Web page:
| December 09 2019,

11:06 pm

This is the weekly column written by Blavity:Politics Senior Editor Kandist Mallett.

With 20,000 people in attendance for her Oakland, California rally, Senator Kamala Harris announced that she would attempt to make history again by becoming the first Black woman to become president. Harris was no stranger to making history; she was the first Black woman to lead the District Attorney's office in San Francisco, the first Black person and the first woman to be elected Attorney General of California, and if the K-hive has anything to say, down the line she could still be the first Black woman to be president. The Harris campaign ended on Monday, to the shock of her supporters and onlookers. Her announcement came shortly after a New York Times piece that depicted her campaign to be ‘unraveling.’

According to the story, the campaign was riddled by nepotism and plagued by a staff that didn’t know how to run a national organization. Worse, it was hobbled by a candidate unsure of what she stood for and incapable of leading her team. The story presented a narrative from sources that Harris’ focus on South Carolina over whiter primary states like Iowa and New Hampshire ultimately destroyed her campaign.

The piece ends by focusing on attendees at a Harris event in Iowa who were torn between her and other moderate presidential candidate Mayor Pete Buttigieg. One voter, Laurie Davis, left unimpressed, mentioning that Harris had lost her vote. 

The cherrypicking of sources to punctuate the piece seemed too easy. Maybe even biased. As I read the piece as a whole, I was curious about the racial and gender identities of the campaign staffers who spoke to the Times. That sort of additional information, for me at least, helps create a clearer understanding of elements that could also influence the sources' perspectives. 

Being a Black woman is nothing that Harris has shied away from. She made it a point to honor Shirley Chilsom, took time to speak to Black women at conferences like the Power Rising conference (a conference centering Black political women), and created plans that focused on Black mothers' mortality rates. Still, Harris found difficulty securing a large Black base. According to Politico, “Harris has placed no higher than third among black voters in POLITICO/Morning Consult polls since August, behind Biden and Bernie Sanders, and she trailed Elizabeth Warren in fourth in more recent surveys, including a Quinnipiac poll out of South Carolina.”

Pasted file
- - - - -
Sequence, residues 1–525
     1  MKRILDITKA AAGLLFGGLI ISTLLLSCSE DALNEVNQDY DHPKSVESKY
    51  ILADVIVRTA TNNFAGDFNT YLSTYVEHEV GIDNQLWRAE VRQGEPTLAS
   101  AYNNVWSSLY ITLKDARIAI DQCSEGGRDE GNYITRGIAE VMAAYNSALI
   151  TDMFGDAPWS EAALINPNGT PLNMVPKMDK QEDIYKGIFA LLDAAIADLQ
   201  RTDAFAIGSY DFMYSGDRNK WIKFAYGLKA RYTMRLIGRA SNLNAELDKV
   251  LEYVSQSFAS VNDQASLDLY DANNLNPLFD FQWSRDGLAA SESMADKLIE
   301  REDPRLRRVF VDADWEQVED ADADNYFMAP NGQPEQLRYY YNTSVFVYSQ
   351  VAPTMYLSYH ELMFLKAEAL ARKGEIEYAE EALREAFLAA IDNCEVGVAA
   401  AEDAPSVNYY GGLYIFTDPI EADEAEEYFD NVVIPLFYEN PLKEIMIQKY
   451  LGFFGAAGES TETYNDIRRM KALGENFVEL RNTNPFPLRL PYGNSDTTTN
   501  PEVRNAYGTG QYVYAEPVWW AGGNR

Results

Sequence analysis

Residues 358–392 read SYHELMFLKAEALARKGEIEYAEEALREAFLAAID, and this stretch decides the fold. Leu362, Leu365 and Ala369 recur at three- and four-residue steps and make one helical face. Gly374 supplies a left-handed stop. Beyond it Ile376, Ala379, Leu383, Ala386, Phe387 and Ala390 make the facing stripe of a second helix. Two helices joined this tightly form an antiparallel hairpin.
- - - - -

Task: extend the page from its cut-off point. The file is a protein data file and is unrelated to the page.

For our series The Sit Down, we asked Harris about her time as a prosecutor. The intention of the question was to give Harris an opportunity to address the issue directly, and even perhaps to admit her mistakes. But, as she had done in other interviews, she continued to defend her record. For millennials and zoomers who rightfully see the criminal justice system as a racist institution designed to hurt Black people, we needed to hear her acknowledge that she regretted prosecutorial decisions that made it easier for Black people to be targeted and arrested.

That never happened. 

But Harris was not the only prosecutor running for president. Amy Klobuchar was a county prosecutor in Minnesota, yet that hasn’t been an anchoring issue for her campaign. During Klobuchar’s time as a prosecutor, she failed to go after police when they shot Black men. Yet "Klobuchar is a cop" isn’t a narrative that haunts her campaign. Two women, one white, one Black, both of whom climbed the ranks with a tough-on-crime record. Still, it was Harris that had to defend her role during a heated exchange between herself and former Vice President Joe Biden during the June debates. 

Was it fair for Harris to face more scrutiny because she was a Black woman? 

Harris’ candidacy was complicated by her identity. Her role as a prosecutor defied the idea of the Black woman as a particular archetype: Protector of our community, defender of our Black men. The fact that she was a prosecutor felt treacherous to a community that is harassed and killed by the police and targeted by the criminal justice system. 

So was there a double standard for Harris? Yes. 

Was that double standard fair? Yes and no. Was Kamala Harris treated differently and held to a different standard because she was a Black woman? Yes. Is that wrong? Yes. Is the standard of not wanting someone who has built a career off imprisoning Black people wrong? No, it’s not. 

When news broke that Harris was withdrawing, my curated Twitter feed was filled with Black women who felt wronged. Whether you supported her campaign or policies, the fact that she was the only Black woman and person of color to qualify for the December DNC debates yet still had to withdraw so early felt like a familiar injustice. And while identity alone doesn’t always guarantee political representation—something Obama’s years in office made clear—it does feel like just another Black woman having to work three times as hard, and not being able to get as far. In Harris’ statement to supporters explaining why she was withdrawing, she said, “I’m not a billionaire. I can’t fund my own campaign.” Harris’ state operations director, whose resignation letter was published in the Times, left that campaign to join billionaire Michael Bloomberg’s. And billionaire Tom Streyer, who joined the campaign race in July, has qualified for the December debates.

At the end of the day, the lessons to be learned from the Harris campaign are less about campaign management and more about securing a base. Harris was unable to define her candidacy outside of being a former prosecutor, and in the end, it defined her. 




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